In re: CARTER | Homeward to pay nearly $19,000 punitive damages, sanctions and attorney fees for failing to act in good faith


In re: CARTER | Homeward to pay nearly $19,000 punitive damages, sanctions and attorney fees for failing to act in good faith

In re: CARTER | Homeward to pay nearly $19,000 punitive damages, sanctions and attorney fees for failing to act in good faith

Parker & DuFresne, represented the debtor in this case for those who want to know.





2. Homeward Residential Inc., is in willful contempt of multiple court orders, more specifically, the Court’s mediation order entered on August 22, 2012 and the Court’s Compel Order entered on March 6, 2013.,

3. Debtors are entitled to damages of attorney’s fees and compensatory damages.
Homeward Residential Inc.’s conduct also warrants and award of punitive damages.


1. The Motion for Contempt and Sanctions is GRANTED.

2. Debtor is awarded $2,140.00 for attorney’s fees; $1,000.00 in sanctions; and $15,000.00 in punitive damages; for a total award of $18,140.00.


[ipaper docId=148248302 access_key=key-2iovgcud1wzon83wm09z height=600 width=600 /]


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2 Responses to “In re: CARTER | Homeward to pay nearly $19,000 punitive damages, sanctions and attorney fees for failing to act in good faith”

  1. bo says:

    Hooray! Finally a small, but significant win for the little guy/gal.

  2. al says:

    I don’t disagree at all with your position vis a vis BOA’s commission of fraud upon it’s mortgage customers facing foreclosure.
    However, I would like to alert you and your readers to the OPPOSITE situation whereby they FAIL to protect the integrity of neighborhoods by REFUSING TO TAKE OTHERWISE LEGITIMATE FORECLOSURE ACTION THEREBY PROTECTING NEIGHBORING PROPERTY OWNERS AND THEIR OWN SHAREHOLDERS!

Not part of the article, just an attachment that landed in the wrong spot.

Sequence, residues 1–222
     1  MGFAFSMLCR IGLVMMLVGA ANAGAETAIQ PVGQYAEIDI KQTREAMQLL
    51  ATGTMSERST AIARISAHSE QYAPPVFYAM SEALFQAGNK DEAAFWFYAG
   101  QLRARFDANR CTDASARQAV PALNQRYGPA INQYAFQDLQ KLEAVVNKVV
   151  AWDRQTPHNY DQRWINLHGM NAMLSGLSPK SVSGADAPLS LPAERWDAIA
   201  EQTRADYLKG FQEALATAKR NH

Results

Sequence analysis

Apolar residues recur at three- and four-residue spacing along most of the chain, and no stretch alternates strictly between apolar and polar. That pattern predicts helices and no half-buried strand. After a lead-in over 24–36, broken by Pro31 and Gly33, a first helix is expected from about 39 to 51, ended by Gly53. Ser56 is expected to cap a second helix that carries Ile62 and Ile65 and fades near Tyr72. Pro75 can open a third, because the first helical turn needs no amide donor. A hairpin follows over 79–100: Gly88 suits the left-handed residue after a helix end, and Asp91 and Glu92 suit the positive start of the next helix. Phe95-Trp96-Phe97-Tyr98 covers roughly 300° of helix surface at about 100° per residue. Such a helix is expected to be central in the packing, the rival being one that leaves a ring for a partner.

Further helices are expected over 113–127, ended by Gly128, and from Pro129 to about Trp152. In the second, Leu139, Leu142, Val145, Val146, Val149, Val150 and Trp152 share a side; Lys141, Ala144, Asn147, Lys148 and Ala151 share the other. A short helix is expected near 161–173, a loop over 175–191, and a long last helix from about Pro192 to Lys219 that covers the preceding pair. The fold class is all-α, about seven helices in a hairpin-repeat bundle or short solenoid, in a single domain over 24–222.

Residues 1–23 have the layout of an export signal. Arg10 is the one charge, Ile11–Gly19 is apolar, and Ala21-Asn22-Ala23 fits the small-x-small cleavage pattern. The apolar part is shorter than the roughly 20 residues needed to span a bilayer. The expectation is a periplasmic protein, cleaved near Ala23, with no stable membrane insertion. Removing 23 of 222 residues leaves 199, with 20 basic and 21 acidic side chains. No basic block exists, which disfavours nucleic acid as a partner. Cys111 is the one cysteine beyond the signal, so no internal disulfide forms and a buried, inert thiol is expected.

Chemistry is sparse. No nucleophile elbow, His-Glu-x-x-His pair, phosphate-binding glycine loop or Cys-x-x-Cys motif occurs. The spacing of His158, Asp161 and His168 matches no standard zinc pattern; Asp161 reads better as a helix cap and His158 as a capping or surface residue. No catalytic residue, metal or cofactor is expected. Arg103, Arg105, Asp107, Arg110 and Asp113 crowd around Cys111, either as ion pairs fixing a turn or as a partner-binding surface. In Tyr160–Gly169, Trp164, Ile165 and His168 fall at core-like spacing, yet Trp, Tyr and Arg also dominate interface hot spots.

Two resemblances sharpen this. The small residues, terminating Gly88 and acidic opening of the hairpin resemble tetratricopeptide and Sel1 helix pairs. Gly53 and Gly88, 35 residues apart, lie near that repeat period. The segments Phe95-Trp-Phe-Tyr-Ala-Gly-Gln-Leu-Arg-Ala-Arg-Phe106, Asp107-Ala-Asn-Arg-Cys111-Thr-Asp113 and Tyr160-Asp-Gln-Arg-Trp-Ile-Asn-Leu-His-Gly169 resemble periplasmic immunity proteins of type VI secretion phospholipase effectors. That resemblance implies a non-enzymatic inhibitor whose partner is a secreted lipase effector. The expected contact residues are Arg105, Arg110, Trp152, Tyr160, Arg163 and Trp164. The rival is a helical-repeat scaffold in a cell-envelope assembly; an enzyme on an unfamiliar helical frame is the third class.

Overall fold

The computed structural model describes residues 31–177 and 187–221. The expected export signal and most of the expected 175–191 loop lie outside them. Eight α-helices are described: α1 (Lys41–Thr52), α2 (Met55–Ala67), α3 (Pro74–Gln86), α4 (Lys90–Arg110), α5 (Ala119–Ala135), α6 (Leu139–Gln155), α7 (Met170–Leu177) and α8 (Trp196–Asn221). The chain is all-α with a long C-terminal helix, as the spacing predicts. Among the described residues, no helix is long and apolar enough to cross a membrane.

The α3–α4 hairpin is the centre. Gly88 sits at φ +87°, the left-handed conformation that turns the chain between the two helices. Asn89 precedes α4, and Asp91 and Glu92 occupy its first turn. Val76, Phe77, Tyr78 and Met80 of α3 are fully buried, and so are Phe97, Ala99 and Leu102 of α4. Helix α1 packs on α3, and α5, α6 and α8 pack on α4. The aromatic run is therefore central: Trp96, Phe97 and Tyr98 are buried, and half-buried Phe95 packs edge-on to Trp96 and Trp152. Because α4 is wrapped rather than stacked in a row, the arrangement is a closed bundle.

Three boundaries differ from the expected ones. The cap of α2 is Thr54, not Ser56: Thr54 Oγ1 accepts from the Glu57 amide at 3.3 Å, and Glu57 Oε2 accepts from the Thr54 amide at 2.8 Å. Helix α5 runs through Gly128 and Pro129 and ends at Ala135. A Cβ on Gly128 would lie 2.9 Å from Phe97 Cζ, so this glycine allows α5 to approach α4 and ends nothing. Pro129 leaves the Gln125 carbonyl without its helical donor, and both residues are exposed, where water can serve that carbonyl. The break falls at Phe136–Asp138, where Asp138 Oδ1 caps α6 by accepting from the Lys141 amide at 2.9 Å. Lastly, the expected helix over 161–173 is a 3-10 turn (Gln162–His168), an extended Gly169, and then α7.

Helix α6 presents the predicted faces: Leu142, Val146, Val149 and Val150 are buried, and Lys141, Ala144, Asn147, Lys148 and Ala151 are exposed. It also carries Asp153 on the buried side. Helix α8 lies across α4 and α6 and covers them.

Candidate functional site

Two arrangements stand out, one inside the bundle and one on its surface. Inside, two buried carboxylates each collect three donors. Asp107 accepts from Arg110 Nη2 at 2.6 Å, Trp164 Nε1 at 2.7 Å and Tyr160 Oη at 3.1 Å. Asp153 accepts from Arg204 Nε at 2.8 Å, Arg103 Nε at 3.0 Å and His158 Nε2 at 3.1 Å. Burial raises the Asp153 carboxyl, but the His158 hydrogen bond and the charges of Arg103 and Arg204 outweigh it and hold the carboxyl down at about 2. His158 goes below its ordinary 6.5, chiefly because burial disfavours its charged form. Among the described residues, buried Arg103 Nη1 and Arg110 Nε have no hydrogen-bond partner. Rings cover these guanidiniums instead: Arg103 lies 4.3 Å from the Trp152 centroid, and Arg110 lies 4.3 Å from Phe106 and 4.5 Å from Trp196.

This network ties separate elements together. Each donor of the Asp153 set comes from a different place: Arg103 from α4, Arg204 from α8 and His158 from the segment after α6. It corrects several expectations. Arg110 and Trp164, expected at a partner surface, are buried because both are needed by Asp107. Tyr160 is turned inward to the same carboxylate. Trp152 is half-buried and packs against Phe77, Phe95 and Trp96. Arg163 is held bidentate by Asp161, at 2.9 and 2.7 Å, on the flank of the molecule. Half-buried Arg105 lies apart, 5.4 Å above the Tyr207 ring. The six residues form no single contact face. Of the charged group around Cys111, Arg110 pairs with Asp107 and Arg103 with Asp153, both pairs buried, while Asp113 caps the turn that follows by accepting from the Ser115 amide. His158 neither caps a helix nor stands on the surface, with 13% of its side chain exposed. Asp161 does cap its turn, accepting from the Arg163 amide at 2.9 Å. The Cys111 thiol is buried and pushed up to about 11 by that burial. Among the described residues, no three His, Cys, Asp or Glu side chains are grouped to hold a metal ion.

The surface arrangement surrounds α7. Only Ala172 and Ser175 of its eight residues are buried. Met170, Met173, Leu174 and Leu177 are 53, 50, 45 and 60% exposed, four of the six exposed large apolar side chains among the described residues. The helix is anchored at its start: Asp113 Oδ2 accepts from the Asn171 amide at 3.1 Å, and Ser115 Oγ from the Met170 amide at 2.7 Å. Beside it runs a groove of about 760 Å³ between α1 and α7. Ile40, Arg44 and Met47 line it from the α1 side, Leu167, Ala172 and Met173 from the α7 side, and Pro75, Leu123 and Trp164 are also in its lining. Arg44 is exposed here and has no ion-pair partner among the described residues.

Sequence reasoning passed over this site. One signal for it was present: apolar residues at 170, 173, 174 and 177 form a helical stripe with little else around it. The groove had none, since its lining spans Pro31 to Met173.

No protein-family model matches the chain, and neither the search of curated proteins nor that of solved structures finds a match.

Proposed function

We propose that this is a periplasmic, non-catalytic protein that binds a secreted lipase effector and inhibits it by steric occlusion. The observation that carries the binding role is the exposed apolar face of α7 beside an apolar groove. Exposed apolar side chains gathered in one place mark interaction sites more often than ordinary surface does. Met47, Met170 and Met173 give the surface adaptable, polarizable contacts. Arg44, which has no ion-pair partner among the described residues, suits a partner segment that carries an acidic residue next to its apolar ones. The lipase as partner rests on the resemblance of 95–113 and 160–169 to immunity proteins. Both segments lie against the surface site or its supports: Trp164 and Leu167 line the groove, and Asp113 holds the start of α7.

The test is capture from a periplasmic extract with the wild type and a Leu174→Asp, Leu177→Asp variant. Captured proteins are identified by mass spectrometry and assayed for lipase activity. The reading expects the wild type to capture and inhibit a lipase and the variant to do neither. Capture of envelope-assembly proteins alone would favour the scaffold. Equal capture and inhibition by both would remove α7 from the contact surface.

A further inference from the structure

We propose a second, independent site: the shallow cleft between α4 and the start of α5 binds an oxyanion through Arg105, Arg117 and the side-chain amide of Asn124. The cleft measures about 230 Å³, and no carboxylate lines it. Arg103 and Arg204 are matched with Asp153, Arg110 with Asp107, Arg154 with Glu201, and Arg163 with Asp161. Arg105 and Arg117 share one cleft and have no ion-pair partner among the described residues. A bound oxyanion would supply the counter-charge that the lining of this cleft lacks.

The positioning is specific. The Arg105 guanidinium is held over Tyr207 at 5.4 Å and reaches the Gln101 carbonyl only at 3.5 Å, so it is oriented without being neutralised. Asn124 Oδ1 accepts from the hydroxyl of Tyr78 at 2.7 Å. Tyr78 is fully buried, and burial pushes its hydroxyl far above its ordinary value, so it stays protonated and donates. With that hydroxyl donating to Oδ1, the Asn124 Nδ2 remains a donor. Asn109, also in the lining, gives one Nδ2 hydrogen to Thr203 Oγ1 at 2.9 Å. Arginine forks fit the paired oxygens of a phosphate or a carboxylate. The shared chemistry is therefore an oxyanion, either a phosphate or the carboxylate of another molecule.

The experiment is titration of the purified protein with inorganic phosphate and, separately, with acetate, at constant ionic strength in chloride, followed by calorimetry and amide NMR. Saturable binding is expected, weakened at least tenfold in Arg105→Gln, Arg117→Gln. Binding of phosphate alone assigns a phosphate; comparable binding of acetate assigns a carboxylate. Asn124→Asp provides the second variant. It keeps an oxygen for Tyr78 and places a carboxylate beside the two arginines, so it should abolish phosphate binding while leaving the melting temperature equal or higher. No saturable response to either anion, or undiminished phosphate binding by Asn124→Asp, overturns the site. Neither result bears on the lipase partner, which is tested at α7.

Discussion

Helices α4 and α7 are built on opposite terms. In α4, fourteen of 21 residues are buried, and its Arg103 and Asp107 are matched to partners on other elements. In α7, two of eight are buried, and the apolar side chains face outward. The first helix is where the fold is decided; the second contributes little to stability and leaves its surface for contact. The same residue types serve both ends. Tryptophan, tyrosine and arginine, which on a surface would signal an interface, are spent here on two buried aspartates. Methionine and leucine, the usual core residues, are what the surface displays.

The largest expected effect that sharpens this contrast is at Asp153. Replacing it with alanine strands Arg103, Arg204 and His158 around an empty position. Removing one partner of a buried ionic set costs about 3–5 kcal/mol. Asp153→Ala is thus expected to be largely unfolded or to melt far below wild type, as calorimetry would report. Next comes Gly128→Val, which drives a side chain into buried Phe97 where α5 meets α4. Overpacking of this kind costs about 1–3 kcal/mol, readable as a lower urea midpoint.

The following is the essence of an email (names/locale removed) sent to BOA “customer relations” folks identified in this wiki post:
    “The reason for this email is to express the consummate frustration that we have been experiencing for one year now as a result of your bank’s consistent refusal to proceed with an entirely warranted and justified foreclosure of a home. We just completed a call to the law firm representing your bank after noticing that this property suddenly disappeared from their list of properties to be auctioned.

    Noticing that these debtors had returned to this property in July 2012, after leaving it a year earlier, we called both the local police, searched county records, and obtained whatever information available regarding this property’s status.

    It is clear that the buyers of this home fell delinquent in their mortgage payments sometime in 2010 and, in 2011, left the home completely. Having owned our home for 12 years as a part-time resident who visits often, we noted the increasingly poor condition of this home and its unkempt yard. Clearly, these are residents who cannot, or will not, respect either their legal/financial obligations or the integrity of the neighboring properties.